This was another surprise of my summer. A small little WWI game that walked me through some of the major battles and gave me some perspective on this horrible war. A side-scrolling adventure game with gorgeous hand-drawn artwork using the same tech as Rayman Legends. In my opinion, WWI isn’t usually covered very extensively (video games or otherwise) due to the much more dramatic conflict of WWII. Valiant Hearts made the war surprisingly interesting by focusing it down into one tiny little family. As the war progressed I was able to interpret it through their eyes and their struggles. As they faced various injustices and problems, I sympathized with them more and more. There were a few moments that really got me right in the feels, and I managed to learn a little bit of history too. The puzzles were pretty intuitive most of the time, though there were a few that were just to obtuse for their own good. The healing rhythm game was a little off, but the bombing sequences in the car were an absolute blast to play.

Evoland (PC)


Are you older than 15 years old? Then you should play this game. It’s a combination of mish-mashed nostalgia based gameplay as you work your way through gaming history and all of it’s different graphical and mechanical evolutions. In the opening sections of the game, you unlock new mechanics like there’s no tomorrow and it’s a fantastic 20 minutes or so as you blast through all the old archaic game design.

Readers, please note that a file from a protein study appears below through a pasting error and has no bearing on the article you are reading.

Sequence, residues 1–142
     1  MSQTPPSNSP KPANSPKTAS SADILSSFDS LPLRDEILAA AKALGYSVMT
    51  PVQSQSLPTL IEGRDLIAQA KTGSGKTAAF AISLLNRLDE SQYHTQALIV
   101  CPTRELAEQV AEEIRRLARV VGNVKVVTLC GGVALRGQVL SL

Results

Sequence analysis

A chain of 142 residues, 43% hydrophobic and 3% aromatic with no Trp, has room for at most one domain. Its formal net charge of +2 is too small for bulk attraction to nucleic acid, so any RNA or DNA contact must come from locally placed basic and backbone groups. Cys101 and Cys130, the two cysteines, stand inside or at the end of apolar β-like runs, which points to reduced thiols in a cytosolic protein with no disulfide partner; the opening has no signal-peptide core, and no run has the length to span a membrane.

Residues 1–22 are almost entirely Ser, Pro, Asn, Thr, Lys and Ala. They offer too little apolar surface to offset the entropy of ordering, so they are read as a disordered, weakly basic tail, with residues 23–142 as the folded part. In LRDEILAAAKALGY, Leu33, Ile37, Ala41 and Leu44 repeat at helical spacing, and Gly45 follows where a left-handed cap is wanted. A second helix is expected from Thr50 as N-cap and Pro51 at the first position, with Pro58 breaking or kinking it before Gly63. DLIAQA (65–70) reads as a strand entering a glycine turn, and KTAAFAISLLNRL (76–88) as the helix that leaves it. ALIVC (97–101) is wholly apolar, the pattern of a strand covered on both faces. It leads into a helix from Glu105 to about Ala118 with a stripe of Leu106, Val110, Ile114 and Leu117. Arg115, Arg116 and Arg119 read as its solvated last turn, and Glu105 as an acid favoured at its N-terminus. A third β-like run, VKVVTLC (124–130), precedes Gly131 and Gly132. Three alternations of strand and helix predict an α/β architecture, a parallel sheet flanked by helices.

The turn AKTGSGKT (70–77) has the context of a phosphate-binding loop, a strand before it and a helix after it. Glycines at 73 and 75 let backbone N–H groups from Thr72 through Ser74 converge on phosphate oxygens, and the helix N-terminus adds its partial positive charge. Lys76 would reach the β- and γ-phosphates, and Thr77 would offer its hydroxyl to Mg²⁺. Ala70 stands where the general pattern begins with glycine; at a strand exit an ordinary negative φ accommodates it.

Later on, progress slows down and the newness wears off. There’s a Zelda dungeon, a Diablo dungeon, a FF overworld with turn-based battles. It crams a lot in there. The back half isn’t as fun, but anyone who loves old game should at least play the first 20-30 minutes. In addition, the names and references are also pretty hilarious most of the time. Clink (Cloud + Link) is your protagonist and the rest of the game does stuff like that all the time. Unfortunately, the last boss was really dumb which left a sour taste in my mouth. And once you get past all the glitter and sparkle of nostalgia, the gameplay itself isn’t that fun or inventive. The beginning was definitely worth it, but don’t stick around if you’re getting bored. Trust me, it’s not worth it.

Zero Time Dilemma (PC)


ZTD is a visual novel/puzzle game that is the third entry in a trilogy. There are a combination of ‘Escape the room’ puzzles, where you have to find various objects and figure how they work together to ‘escape the room’, and the VN sections where you make life or death decisions that affect the mortality of the characters in the game as well as receive exposition on the unfolding narrative of the game. In ZTD there are a number of these ‘escape the room’ segments, but you play them out of order, so you never know what the status quo is going in as far as who’s alive and who’s not.